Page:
Open source is awesome! So many great projects out there. Individuals, teams, and companies pouring their passion into code that folks can use and evolve. Licenses are a fundamental part of open source but the reality of finding and complying with the licenses can be daunting and mind-numbing. As an industry we have not come to terms with this challenge and prefer either denial or throwing money at the problem. I think there is a better way.
The landscape today
Open source license compliance is not a very sexy topic and I’m certainly not here to convince you otherwise. It’s full of mind-numbing accounting, proforma actions, and cat herding. At the same time, it’s a key part of the open source ecosystem.
Licenses set out the ground rules for using a piece of content — code, images, doc, … They give you the right to use and distribute the content, and list the associated obligations. The license used in a community sets the core tone of how they operate. Fundamentally licenses make open source work.
Somewhere along the way however, licenses and license compliance built up a mythology and a stench of FUD. With open source hitting the early and late majorities in various domains, license compliance has become a mainstream procurement topic. For traditional organizations — governments, regulated industries, manufacturing — this FUD is taking on a whole new status and driving organizations to take and demand heroic actions.
At the same time, the scale of open source production and consumption has exploded. As I write, there are about 50M public repos on GitHub with about a third of them created in the last year. With package managers like NPM it’s trivial to pull in a thousand packages with a simple command. At Microsoft we currently track millions of integrations of hundreds of thousands of open source components across thousands of products. That’s a lot and we are not alone.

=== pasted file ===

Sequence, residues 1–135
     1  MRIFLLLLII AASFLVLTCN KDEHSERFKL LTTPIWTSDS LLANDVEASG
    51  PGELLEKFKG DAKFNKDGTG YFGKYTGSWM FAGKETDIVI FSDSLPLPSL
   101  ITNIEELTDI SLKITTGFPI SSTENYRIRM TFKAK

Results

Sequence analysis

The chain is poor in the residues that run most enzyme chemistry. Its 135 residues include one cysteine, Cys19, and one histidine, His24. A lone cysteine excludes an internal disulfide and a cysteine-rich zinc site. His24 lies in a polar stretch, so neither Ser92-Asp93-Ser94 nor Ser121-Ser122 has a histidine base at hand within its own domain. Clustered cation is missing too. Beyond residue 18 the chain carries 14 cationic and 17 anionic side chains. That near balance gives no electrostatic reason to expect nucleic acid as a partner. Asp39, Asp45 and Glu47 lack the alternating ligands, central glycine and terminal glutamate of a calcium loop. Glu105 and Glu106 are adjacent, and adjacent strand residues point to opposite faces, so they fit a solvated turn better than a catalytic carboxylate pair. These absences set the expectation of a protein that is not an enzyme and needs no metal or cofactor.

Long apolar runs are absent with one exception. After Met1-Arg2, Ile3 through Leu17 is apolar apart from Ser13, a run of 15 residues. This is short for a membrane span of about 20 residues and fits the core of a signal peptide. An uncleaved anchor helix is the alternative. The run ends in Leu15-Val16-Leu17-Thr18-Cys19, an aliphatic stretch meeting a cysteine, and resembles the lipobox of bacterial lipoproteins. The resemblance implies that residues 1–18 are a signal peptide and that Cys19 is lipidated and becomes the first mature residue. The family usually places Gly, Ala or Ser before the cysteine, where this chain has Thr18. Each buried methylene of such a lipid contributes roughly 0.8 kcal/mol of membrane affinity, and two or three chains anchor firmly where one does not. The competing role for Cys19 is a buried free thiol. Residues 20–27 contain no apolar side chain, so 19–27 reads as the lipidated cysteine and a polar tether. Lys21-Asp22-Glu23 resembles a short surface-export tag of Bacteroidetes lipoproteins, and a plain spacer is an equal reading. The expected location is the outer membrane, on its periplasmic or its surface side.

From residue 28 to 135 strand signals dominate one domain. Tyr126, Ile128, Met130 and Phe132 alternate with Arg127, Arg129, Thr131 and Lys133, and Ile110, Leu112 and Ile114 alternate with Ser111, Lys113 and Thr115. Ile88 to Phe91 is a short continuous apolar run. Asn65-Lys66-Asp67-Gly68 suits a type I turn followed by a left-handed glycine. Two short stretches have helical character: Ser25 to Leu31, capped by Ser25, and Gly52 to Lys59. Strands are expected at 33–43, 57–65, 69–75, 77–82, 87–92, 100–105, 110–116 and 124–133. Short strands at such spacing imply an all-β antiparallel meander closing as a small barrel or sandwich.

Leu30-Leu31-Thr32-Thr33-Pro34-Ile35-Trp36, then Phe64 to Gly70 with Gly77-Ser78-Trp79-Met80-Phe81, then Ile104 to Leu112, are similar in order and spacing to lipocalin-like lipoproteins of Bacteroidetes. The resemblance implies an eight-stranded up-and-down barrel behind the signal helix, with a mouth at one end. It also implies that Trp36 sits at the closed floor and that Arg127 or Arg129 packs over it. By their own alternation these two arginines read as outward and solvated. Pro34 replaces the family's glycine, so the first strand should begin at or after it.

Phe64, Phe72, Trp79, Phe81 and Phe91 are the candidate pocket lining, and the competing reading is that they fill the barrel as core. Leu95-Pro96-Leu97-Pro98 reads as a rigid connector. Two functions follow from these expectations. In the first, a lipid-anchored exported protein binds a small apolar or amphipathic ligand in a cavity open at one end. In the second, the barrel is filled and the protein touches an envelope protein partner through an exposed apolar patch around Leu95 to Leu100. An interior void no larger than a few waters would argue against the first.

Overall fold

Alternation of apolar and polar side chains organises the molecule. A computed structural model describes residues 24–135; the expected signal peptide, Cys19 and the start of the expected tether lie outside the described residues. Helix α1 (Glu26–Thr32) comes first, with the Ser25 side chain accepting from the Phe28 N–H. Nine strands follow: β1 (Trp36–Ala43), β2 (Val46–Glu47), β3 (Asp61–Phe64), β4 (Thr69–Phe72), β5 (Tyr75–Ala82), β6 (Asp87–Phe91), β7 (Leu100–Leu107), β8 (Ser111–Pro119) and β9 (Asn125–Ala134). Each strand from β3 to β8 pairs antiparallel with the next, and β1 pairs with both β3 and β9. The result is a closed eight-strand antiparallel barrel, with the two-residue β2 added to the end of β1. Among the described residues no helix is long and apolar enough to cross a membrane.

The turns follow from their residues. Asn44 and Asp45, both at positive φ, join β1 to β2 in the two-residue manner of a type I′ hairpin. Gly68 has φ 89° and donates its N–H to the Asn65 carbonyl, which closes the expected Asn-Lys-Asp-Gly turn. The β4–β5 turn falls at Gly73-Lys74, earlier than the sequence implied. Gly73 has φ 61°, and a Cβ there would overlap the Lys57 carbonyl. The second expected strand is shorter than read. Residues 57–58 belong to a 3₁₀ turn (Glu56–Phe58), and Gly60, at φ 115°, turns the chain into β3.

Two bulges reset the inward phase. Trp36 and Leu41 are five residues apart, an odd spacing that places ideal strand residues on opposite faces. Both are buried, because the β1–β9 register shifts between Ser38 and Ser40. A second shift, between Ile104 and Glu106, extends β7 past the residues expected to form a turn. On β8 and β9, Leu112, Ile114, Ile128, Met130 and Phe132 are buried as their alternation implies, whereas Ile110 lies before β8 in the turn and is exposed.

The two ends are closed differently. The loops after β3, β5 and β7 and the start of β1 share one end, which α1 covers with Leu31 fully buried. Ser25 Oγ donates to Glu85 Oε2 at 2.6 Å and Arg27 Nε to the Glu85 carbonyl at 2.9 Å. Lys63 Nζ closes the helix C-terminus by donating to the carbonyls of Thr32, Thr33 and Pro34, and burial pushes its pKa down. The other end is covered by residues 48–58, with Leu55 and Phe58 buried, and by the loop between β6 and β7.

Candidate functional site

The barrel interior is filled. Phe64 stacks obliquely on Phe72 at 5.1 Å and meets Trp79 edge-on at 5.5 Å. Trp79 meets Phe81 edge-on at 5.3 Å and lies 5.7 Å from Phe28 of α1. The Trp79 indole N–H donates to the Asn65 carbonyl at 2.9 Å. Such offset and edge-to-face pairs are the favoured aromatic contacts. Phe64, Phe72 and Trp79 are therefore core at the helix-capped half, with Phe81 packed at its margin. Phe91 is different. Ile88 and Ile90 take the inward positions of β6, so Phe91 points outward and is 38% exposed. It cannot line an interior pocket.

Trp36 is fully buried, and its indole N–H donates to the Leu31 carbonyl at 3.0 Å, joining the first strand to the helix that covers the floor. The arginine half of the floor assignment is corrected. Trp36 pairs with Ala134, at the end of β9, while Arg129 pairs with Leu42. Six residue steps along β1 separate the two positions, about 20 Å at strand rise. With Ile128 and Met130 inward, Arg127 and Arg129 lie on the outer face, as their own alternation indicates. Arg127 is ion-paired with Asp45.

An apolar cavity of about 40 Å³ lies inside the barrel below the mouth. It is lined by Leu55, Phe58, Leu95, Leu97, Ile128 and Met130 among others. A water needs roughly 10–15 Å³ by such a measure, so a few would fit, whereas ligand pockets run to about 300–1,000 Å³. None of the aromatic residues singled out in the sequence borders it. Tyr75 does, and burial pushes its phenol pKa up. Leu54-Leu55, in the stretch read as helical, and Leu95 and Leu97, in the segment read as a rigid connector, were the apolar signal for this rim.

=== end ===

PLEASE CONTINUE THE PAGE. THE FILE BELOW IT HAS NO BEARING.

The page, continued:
Given the complexities around compliance, it’s not surprising that a whole industry has sprung up around figuring out which open source you have, tracking it, getting data about it, and providing workflows to clear and approve open source use. And it’s a big industry with many players both commercial and open source, and big dollars — Black Duck was acquired in December 2017 for half a billion dollars. Companies regularly spend millions of dollars a year on compliance tools, data, and processing.
This is not healthy. It’s driven by fear.
It’s a whole bunch of friction that wastes time and resources that could otherwise go into working on the projects themselves (e.g., improving security) or creating new ones. It inhibits adoption of projects and limits deeper engagement.
Can we do better?
For sure folks need to honor the terms of the licenses — IMHO that’s a given — but somehow, we as a community and an industry need to make that easier, normalized and largely automated. We need to do better here.
Fortunately, times are changing and there is a raft of open source efforts in this space as well as some changing community norms and perspectives.
I don’t have all the answers but do have some ideas. This is the first in a series of posts where I’ll share those thoughts and hopefully hear from you on topics such as:
- Distill open source license compliance (coming soon…)
- Look at the industry around compliance (coming soon…)
- Show how open source projects themselves play a role (coming soon…)
- Ultimately sketch an open source solution to this open source problem (coming soon…)
What do you think? How much effort are you putting into compliance? As an open source project team how do you think about compliance in your community? Do you care?